A grower’s court challenge to the change of the Vidalia onion start date should be thrown out because he failed to serve the Georgia attorney general with the complaint, according to the state agriculture commissioner’s response.

The grower, Delbert Bland, owner of Bland Farms in Glennville, Ga., is represented in the case by Georgia’s former attorney general Michael Bowers.

In addition to the alleged failed service, the state contends Bland is wrong in his assertion that commissioner Gary Black does not have the authority to change the start date — now set on the Monday of the last full week in April every year.

“The statute speaks for itself,” is repeated five times in the state’s response, which makes two similar statements regarding state regulations.

Bland, who owned and contracted for about a fourth of the 12,600 Vidalia onion acres planted for the 2013 season, says Black is harming Vidalia growers whose onions are ready for market before the official start date.

Many other growers and members of the Vidalia Onion Business Council say the exact opposite is true.

Bob Stafford, manager of the council, said the vast majority of growers are in favor of the later date. He said they asked the commissioner to take action to stop the flow of immature Vidalia onions that has caused consumer and retailer complaints in recent years.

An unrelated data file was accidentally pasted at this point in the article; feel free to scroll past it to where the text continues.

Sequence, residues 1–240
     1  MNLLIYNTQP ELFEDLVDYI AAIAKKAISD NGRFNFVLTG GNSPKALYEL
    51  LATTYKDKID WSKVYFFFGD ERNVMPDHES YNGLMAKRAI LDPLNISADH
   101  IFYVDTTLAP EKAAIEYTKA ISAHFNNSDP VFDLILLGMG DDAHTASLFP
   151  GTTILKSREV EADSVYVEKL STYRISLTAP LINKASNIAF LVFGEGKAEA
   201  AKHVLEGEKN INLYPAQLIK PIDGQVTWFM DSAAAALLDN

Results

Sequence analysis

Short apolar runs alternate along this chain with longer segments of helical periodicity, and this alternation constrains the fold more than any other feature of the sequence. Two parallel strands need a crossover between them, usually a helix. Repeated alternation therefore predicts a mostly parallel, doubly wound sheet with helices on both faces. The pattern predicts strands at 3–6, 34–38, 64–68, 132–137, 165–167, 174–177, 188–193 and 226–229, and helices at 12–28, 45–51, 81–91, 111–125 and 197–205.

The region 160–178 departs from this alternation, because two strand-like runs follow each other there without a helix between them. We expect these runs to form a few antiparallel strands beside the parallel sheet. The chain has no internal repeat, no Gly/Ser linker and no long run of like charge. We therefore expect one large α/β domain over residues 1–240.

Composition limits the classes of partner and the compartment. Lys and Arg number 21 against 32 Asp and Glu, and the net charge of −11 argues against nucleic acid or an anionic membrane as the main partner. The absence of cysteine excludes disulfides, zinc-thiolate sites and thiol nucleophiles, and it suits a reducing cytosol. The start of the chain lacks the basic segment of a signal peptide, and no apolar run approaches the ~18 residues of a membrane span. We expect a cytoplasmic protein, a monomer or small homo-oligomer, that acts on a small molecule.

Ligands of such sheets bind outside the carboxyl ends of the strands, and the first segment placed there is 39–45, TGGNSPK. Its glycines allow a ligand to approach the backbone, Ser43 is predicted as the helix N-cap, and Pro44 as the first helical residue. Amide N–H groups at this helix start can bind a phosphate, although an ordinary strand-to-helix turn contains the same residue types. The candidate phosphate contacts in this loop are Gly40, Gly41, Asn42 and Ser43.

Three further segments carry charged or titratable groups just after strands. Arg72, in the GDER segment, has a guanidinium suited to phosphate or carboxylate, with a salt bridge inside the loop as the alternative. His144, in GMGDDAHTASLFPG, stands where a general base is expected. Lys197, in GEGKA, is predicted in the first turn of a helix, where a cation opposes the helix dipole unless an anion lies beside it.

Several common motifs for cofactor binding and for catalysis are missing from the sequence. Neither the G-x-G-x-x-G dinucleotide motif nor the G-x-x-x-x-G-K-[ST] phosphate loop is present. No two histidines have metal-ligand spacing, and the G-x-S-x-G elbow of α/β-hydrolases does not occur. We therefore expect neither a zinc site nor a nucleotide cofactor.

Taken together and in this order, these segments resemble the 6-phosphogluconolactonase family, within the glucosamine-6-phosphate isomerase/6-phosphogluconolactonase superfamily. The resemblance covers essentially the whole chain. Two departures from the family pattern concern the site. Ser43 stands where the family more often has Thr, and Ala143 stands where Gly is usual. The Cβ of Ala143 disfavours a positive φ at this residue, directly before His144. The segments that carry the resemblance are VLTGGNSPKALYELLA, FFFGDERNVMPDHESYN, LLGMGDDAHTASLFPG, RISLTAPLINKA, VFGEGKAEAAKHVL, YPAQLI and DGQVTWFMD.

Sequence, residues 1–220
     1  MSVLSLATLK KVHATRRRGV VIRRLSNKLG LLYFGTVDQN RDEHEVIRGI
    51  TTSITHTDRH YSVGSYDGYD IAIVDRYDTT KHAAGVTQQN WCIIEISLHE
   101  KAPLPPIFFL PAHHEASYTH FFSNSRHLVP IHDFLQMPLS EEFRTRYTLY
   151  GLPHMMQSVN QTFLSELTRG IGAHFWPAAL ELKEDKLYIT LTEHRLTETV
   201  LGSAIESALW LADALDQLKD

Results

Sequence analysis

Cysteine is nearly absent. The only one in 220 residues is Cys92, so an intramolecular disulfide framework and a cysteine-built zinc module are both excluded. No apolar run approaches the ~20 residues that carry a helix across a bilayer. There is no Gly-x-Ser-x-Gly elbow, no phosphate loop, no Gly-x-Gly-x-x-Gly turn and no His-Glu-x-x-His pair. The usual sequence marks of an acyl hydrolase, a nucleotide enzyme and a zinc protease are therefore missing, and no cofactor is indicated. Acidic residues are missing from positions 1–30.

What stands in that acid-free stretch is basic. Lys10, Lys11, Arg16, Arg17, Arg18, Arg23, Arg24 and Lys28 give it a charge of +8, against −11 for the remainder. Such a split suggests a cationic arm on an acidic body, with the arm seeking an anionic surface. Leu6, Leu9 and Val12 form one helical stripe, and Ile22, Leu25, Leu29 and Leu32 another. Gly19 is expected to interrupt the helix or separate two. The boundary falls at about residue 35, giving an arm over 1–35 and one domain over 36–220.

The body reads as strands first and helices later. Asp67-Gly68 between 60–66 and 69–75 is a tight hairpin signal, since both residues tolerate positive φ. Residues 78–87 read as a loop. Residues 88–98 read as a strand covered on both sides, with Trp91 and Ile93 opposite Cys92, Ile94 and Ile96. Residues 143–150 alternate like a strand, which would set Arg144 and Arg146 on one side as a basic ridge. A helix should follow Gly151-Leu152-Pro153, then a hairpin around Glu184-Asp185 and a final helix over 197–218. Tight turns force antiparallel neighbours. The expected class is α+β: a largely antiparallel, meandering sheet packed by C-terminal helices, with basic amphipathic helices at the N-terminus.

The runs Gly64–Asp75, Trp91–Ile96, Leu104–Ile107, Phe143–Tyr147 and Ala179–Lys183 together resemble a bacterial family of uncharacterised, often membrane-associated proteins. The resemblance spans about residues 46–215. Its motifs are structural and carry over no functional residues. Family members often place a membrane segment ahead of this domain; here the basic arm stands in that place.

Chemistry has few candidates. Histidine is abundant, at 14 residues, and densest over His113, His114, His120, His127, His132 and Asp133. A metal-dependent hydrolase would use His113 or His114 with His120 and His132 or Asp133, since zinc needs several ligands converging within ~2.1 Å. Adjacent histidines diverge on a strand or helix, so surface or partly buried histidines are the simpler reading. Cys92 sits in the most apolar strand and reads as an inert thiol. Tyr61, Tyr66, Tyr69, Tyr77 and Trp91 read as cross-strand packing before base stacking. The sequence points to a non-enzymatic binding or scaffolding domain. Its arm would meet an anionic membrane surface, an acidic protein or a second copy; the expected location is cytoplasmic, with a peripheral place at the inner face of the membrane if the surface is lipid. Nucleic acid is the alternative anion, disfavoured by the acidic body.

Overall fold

“We knew we had a serious problem this season when we couldn’t get the price back up,” Stafford said recently, referring to the pricing curve the trademarked sweet onions usually follow.

Vidalias opened in April for $20 per 40-pound box, according to the U.S. Department of Agriculture. By late May jumbos and colossal hit $22, but in June, when prices should have reflected the height of the season, prices were $14-18 per box. Prices bottomed in mid-August at $12-14 and ended with the final report Sept. 9 at $14-16.

The new start date does not include an early ship clause, which Bland also doesn’t like. In his complaint he said he “customarily” shipped early via a clause in the previous rule.

Previously the start date was set each year by the commissioner after the Vidalia Onion Advisory Panel made a recommendation.

Growers could send their Vidalias to market earlier if they paid for special inspections by the USDA and the onions met No. 1 grade standards.

Stafford said the new start date won’t stop anyone from shipping onions early, but they will have to be appropriately labeled.

“He’s not saying you can’t sell your onions. You just can’t use the Vidalia trademark on them before the start date,” Stafford said.